Children are not being properly engaged by the way that ICT is taught in schools, it has been claimed.
This is extremely detrimental to the sector, which is constantly growing and needs new blood and ideas, according to David Braben, founder of independent computer and video games developer Frontier Developments. He said this is because there is currently no uniform way of teaching IT set out in the national curriculum.
David was a guest speaker at the Westminster eForum, which looked at what the British government can do to support the UK games industry as the sector continues to grow.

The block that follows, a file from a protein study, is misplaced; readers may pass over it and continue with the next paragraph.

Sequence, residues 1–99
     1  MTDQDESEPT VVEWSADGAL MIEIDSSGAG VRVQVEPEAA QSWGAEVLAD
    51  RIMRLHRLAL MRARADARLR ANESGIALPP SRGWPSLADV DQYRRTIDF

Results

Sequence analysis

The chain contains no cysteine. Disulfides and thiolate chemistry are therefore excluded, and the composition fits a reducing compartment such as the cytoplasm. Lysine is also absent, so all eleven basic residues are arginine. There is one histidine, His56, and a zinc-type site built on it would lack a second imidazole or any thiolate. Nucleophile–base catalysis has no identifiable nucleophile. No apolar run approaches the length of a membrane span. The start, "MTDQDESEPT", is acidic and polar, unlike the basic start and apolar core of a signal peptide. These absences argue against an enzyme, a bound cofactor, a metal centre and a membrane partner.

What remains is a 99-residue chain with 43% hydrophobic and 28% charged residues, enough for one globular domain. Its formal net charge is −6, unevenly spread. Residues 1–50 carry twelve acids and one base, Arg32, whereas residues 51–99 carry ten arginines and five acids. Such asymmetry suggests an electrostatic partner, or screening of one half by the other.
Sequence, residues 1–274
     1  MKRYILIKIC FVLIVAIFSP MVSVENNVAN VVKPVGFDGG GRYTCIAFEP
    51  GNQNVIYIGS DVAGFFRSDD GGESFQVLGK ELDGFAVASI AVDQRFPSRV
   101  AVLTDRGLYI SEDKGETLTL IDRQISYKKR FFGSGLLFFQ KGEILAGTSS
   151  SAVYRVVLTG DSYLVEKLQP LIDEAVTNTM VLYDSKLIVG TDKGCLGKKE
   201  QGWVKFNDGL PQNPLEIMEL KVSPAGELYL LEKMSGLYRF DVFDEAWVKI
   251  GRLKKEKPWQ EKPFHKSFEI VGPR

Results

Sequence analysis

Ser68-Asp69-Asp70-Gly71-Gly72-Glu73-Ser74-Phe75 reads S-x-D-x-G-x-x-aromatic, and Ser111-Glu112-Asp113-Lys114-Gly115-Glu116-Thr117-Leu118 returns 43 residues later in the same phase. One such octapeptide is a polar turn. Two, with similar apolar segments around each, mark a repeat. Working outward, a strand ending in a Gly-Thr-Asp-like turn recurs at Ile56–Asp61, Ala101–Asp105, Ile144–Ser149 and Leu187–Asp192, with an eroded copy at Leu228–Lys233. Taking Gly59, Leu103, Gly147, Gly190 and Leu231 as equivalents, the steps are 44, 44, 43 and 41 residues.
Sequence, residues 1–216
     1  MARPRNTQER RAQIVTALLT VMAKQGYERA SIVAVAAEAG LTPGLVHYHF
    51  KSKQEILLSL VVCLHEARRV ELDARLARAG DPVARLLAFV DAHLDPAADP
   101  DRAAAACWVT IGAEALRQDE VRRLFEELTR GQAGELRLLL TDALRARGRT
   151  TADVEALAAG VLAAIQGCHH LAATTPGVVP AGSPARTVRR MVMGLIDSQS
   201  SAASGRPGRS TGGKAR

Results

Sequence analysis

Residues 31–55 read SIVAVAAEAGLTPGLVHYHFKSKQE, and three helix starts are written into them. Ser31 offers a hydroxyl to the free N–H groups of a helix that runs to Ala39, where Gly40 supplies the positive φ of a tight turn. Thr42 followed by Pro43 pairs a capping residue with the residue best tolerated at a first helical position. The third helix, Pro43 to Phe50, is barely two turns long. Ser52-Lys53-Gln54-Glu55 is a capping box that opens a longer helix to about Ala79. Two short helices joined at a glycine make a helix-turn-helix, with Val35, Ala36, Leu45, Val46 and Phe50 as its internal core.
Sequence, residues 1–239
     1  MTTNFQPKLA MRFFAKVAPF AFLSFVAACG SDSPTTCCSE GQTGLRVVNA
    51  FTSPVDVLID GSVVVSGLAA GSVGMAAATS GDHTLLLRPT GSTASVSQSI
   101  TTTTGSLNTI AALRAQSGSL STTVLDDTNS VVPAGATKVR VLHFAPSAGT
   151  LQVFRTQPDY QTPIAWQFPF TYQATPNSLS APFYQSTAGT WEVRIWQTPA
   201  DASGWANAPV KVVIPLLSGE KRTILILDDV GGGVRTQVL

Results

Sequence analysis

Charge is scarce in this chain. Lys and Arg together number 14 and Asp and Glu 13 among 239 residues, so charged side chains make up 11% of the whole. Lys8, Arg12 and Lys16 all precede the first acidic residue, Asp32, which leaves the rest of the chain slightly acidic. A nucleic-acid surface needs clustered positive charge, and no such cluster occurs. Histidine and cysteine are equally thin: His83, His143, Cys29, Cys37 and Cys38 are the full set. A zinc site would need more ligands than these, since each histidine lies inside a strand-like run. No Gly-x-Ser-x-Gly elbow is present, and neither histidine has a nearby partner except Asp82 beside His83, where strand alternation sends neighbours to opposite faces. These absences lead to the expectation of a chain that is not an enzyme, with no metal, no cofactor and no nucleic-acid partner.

“The real problem is that ICT is very, very dull from a school and kids' point of view [and] the [university] courses that claim you can get a job in the games industry, or apply, and yet are just studies of games, are of no use to us,” the Chartered Institute for IT reported him as saying.
According to data from university applications board UCAS, the overall number of applicants accepted onto science, maths and computer science degrees rose by 5.6% last year.
The computer and video games industry in the UK is now bigger than music and movie making, and some of the world's best known titles such as Grand Theft Auto and Tomb Raider, have emanated from development houses in the UK regions. The UK games industry faces fierce competition from Canada and France, and some of the country’s leading talent are being wooed by the software houses of Japan and the US.